I came across an interesting issue generating a Sitecore Package recently. Googling the issue didn't give me the whole answer, so it's time to enhance the internet again with a explanation of what I saw and why I think it happened...
I came across an interesting approach for improving the performance of
automated package installs
the other day. In the space of one day of internet reading I saw the
in a blog post
and it came up in MVP forum discussions. In both cases, it was mentioned in the context of making item operations faster. Hence it seemed like an interesting thing to investigate, to see what sort of difference it would make to my previous work.
Last week I looked at some simple PowerShell script to automate installing packages into Sitecore instances. Having spent a bit of time testing this process, I found a couple of useful tips for speeding it up:
After you've finished installing an instance of Sitecore for development or test (as I've been discussing in my previous few posts – Installing, Adding DMS, Hosts & SSL), chances are you'll need to deploy some modules or packages onto it. Things like Web Forms for Marketers are regularly needed as a basis for development work. So what can you do if you'd like to automate this with PowerShell as well?
Continuing on from previous discussions about packages and their definitions, I found myself needing to quickly merge together the definitions of two different packages recently. And that sounded like an opportunity for a simple tool to add to my collection.
Having looked at all the pipeline components for package generation last week, now it's time for a wrap up for this series.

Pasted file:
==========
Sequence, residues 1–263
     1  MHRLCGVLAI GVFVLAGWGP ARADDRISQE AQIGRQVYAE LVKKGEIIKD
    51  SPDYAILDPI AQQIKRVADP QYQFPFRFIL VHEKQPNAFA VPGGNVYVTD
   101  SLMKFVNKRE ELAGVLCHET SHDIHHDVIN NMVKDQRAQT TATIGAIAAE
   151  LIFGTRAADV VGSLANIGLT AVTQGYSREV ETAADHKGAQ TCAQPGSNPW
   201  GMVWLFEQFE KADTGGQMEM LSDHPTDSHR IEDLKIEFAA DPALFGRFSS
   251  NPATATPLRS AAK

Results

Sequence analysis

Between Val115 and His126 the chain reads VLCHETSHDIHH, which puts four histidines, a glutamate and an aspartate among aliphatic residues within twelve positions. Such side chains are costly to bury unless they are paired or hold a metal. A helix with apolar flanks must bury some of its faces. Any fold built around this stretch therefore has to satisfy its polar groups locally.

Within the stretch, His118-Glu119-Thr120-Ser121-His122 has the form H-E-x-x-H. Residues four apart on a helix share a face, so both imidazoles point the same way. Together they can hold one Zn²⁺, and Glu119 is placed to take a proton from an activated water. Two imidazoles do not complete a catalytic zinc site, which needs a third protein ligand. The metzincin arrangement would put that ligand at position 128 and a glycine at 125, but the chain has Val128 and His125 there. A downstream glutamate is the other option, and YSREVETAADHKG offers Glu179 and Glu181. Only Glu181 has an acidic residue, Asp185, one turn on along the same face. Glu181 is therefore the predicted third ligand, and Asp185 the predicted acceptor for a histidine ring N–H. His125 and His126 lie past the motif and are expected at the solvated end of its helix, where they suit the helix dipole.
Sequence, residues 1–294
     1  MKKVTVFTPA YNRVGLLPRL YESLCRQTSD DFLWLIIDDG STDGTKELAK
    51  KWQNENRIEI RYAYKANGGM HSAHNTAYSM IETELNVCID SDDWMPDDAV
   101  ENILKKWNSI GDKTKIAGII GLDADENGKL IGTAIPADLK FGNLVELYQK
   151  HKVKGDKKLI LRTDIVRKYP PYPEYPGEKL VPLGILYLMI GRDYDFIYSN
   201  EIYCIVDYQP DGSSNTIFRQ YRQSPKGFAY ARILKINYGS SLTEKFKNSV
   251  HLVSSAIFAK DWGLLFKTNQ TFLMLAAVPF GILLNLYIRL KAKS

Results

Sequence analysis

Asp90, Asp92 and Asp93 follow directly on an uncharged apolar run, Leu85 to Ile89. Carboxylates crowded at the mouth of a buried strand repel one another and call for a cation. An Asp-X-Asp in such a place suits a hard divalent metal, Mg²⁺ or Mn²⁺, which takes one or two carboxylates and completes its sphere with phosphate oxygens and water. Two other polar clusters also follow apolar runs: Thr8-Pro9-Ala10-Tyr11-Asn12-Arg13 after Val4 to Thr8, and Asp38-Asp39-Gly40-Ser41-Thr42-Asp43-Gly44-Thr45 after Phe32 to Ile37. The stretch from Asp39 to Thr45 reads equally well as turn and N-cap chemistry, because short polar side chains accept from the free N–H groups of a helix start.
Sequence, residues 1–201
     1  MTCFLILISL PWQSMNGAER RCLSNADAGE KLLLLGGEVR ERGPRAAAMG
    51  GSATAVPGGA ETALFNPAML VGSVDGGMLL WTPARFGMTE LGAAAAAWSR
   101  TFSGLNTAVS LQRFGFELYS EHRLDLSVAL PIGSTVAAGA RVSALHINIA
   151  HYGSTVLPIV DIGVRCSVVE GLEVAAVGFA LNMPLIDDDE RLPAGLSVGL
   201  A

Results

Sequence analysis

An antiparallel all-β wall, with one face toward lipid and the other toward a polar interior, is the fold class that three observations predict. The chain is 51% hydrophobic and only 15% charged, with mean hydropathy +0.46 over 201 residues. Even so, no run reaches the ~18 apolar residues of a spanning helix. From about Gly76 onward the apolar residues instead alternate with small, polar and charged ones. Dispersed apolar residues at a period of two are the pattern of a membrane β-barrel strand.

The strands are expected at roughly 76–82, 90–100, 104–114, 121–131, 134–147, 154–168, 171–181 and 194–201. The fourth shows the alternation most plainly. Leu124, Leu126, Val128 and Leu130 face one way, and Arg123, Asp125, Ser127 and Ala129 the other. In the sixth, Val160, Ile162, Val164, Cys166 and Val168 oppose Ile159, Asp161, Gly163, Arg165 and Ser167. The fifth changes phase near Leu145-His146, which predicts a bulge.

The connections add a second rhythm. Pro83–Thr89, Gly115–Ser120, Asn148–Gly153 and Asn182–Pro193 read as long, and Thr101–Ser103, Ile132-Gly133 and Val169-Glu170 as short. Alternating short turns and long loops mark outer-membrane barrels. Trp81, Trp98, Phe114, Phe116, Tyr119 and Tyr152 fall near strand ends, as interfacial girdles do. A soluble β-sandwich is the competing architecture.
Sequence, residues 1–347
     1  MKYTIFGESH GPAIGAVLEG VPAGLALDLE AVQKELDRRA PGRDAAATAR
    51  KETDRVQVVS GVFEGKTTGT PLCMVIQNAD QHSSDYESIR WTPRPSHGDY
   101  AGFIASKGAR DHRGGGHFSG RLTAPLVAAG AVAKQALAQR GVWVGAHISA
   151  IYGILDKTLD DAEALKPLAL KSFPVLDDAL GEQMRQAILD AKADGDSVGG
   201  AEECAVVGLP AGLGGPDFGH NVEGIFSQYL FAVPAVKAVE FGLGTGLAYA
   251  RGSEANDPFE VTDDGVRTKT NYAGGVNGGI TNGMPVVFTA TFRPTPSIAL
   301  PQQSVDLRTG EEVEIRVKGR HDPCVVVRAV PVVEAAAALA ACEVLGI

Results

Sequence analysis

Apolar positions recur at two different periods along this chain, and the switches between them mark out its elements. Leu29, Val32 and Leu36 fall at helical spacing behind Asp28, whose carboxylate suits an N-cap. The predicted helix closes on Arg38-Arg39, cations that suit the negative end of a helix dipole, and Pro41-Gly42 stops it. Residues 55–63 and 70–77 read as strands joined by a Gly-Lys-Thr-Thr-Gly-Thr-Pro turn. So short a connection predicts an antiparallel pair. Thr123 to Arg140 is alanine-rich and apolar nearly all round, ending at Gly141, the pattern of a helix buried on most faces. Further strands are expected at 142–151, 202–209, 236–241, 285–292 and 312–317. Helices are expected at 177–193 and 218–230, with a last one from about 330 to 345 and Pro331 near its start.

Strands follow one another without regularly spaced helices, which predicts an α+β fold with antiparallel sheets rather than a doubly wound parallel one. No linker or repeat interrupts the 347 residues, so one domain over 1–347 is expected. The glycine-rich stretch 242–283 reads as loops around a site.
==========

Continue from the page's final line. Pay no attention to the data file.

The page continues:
As I mentioned in one of the earlier posts, as I worked through the code for this prototype, I changed my mind a bit on some of the basic architecture for the core program from the first post. I ended up re-working the configuration from the original idea and making the source control input and package saving output into configurable options.
In last week's entry I listed out the set of pipeline components required to generate a package. This week, lets have a look at what goes into each of those components and see how they interact with the configuration and source control data.
In the first two posts in this series we've looked at commandline parameters and fetching data, and then saving package files. This week, we'll look at how the fetched data can be transformed into the package data.
After last week's initial thoughts I've been beavering away on my prototype, and now have a working version. Which is good, as this series of blog posts wasn't going anywhere useful without that...
So this week I'll address the issue of how you can save XML for a package definition without having any references to Sitecore's DLLs.
Recently I posted an idea for a PowerShell script to extract the set of changed items in TFS needing deployment for a Sitecore project. I left the script at the stage where it gave a list of the files to package, but didn't actually give you a package definition.
Having done a bit more thinking about how that might be achieved, I've decided that it's probably worth a series of posts as creating a sensible solution to the problem seems a bit too complex for a script and a single post.
So for this first post, I'll sketch out the problem I want to solve and look at some of the basic code if will require. I'll flesh out the code an implementation over the rest of the posts – but I'm not sure how many there will be at this point...